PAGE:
Finding my teammate in bed with my wife made the decision I had been fighting with for years easier.
It"s time to move on.
A fresh start and a new NHL team in a big city. Most importantly, it"s my son Jack"s best shot.
It would be both of our best shots.
After a bad childhood, I made sure I would succeed.
The problem is I die a little with each patient I lose. It"s part of my career at Hudson Children"s Oncology Hospital, but it doesn"t make the sting of loss any easier.
Seeking anything other than a life saved isn"t on my agenda until a NHL player walks into my hospital with his son.
We"re officially off script the moment we meet.
If this love is anything, it"s unscripted.Books in Series:Something So Series by Natasha MadisonBooks by Author:Natasha Madison Books
"Zack." I hear her voice and just look at my wife. The woman who said she would love me in good times and in bad yet is currently holding a sheet to cover her naked body. The four-carat engagement with matching eternity wedding ring glistens in the light. "It"s just …" she starts to say, and I look over at the man in bed next to her. In our bed.
"It"s over." I say the two words I swore I wouldn"t say no matter how hard it got. No matter how much I saw her push me away, no matter that I always suspected she was cheating on me. Then I look over at the man who I called a brother, the man who stood by my side on and off the ice. "You"re scum."
"It just happened," Colton says, getting out of the bed. At least he"s wearing boxers. His knee is still wrapped from the operation he had last month, which is why he wasn"t on the road with us, which is how I surprised them.
We were on the road for the whole week and due back tomorrow, but I hightailed it out of there to get home to my family and my son. "It just so happened you walked into my house and slept with my wife"" I ask him, and I have to wonder why I"m not more pissed, why I"m not more angry with them. "You come here and sleep with my wife with my son under the same roof."
"Zack," my wife says, and I look over at her again. Tears are rolling down her cheeks, her perfectly made up face now streaked with the black mascara she always wears. "Please let"s …"
I shake my head, putting my hands in my pockets. "Let"s what" Let"s talk about this"" I throw my head back and laugh. "Let"s talk about the fact that our son is in his room dying. Let"s talk about the fact that instead of helping him, you"re just helping yourself. Let"s talk about the fucking fact that instead of being there by his side with me, you chose to escape the fucking reality that our son won"t make it to six years old."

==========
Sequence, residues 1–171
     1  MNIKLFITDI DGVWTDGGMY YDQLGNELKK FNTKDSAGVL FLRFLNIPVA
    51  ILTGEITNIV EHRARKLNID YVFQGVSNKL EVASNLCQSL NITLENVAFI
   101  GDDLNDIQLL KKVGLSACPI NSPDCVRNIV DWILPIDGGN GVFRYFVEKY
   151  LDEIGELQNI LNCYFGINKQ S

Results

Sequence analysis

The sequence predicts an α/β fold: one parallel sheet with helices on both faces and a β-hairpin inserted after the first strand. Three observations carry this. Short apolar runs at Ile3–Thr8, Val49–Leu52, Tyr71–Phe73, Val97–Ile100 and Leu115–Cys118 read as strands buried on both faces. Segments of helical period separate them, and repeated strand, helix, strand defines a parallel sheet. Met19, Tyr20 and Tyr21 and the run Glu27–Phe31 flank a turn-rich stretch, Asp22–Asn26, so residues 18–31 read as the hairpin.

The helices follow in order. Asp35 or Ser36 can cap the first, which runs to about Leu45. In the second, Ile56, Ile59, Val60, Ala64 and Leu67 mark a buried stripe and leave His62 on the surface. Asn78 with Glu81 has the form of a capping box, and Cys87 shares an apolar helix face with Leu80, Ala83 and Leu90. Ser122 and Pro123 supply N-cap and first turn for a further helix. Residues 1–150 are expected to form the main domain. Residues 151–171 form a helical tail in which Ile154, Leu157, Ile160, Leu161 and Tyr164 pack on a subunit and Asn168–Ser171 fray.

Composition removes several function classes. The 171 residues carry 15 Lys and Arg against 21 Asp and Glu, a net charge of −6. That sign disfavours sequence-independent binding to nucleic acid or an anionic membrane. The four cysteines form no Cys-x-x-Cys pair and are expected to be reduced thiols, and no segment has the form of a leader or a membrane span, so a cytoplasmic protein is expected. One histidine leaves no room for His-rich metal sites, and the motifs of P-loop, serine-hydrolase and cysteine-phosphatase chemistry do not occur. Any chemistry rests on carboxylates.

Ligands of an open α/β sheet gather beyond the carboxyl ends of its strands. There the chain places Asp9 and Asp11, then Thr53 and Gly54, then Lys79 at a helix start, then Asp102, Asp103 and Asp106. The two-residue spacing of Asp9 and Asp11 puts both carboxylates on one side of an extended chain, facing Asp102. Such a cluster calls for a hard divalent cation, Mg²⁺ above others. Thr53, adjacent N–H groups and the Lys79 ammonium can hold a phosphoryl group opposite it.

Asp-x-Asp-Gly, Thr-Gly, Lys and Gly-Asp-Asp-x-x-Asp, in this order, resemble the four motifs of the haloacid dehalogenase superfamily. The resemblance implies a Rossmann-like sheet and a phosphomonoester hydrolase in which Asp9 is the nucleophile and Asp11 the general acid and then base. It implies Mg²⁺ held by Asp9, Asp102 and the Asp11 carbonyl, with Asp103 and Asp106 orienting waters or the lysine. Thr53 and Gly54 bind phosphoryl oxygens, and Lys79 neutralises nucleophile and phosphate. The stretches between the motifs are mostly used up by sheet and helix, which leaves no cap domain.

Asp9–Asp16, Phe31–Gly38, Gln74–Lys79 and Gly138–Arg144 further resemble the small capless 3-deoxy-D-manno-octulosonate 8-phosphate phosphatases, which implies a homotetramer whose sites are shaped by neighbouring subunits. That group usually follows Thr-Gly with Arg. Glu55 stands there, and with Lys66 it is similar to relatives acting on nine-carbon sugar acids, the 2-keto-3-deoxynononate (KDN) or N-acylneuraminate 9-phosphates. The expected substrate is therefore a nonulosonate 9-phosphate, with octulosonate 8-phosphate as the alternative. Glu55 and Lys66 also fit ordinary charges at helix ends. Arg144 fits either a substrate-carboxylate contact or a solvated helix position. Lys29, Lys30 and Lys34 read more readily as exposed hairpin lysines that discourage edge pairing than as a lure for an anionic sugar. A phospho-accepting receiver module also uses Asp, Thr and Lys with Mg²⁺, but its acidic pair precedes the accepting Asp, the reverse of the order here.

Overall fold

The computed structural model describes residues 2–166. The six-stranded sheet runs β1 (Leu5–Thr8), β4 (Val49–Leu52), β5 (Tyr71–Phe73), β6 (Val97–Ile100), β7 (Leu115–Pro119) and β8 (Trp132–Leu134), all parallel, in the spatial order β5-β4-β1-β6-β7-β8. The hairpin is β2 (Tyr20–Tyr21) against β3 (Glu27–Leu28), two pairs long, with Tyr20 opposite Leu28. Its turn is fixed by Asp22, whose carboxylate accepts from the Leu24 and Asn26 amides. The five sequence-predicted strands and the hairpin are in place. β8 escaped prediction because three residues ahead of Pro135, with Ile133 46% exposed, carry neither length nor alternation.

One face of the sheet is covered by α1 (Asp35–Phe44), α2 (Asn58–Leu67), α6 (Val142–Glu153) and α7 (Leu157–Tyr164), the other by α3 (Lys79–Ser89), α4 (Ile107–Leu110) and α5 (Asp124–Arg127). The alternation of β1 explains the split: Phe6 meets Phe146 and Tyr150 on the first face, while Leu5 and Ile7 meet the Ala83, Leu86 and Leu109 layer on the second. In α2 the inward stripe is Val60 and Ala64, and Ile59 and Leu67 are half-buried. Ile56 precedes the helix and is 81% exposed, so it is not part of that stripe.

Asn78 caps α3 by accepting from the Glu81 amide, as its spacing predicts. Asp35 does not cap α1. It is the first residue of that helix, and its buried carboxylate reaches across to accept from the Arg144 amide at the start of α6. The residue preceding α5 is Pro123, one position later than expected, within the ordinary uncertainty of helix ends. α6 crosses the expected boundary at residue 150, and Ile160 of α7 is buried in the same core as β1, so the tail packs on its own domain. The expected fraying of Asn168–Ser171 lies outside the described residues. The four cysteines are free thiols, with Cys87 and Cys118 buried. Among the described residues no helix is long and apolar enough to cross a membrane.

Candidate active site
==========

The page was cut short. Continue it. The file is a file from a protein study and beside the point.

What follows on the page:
"No." She shakes her head, and I know that I"ve about had it.
"I"ll give you an hour," I tell them both. "One hour and I want you packed and at the door when I come back."
"But"" she says.
"But nothing, Chantal. You did what you had to do for you, and now I"m doing what I need to do for our son."
I turn and walk out of our bedroom, then down the winding staircase that leads to the big brass front doors. Once outside in the warm Arizona air, I take my phone out of my pocket and call the only person I know who has my back no matter what. My agent and best friend, Jamie.
He answers after one ring, and it doesn"t surprise me he sleeps with his phone in his hand. "What"s up"" he says, his voice sleepy since it"s four a.m. in New York.
"I want out of Arizona, make the trade. Call the powers that be; I want out," I tell him, getting into my Range Rover.
"You can"t just demand that," he says, and I hear sheets rustle.
"Just walked in on Colton fucking my wife, so you can bet your ass I can. Make it happen. Call New York because it"s the only place I"ll go. I don"t care if I take a pay cut."
"That fucking scumbag," he says. "I"ll call them now."
"Jamie, there is a top-notch doctor who specializes in cancer in New York. Max Horton"s sister," I tell him quietly and slowly drive out of my gate.
"I"ll make it happen," he says softly. "I"ll let you know what they say."
"Jamie, I"m leaving here in a week regardless of what they say," I tell him and disconnect the call.
"One week," I say to myself. "One fucking week."
"I hate, hate, hate this coffee," I say to myself in the little white room in the hospital where I wait for the machine to spit out the worst coffee. The small cup falls into its place as you hear the machine grind to work.
"Are you still here"" The door opens, and Steve walks in, taking off his white lab coat. Steve and I both work for Hudson Children"s Hospital in the oncology department.
"Yeah." I nod my head. "I just have to finish the charts, and then I"m going to take off," I tell him, looking over at the fifteen charts waiting for my notes. He goes to the small lockers and opens his up to hang his lab coat in there.
"I don"t know how you"re still standing; it"s been forty-eight hours." He shakes his head.
"I took a nap," I tell him while the coffee machine hisses and releases one last puff, telling me it"s done.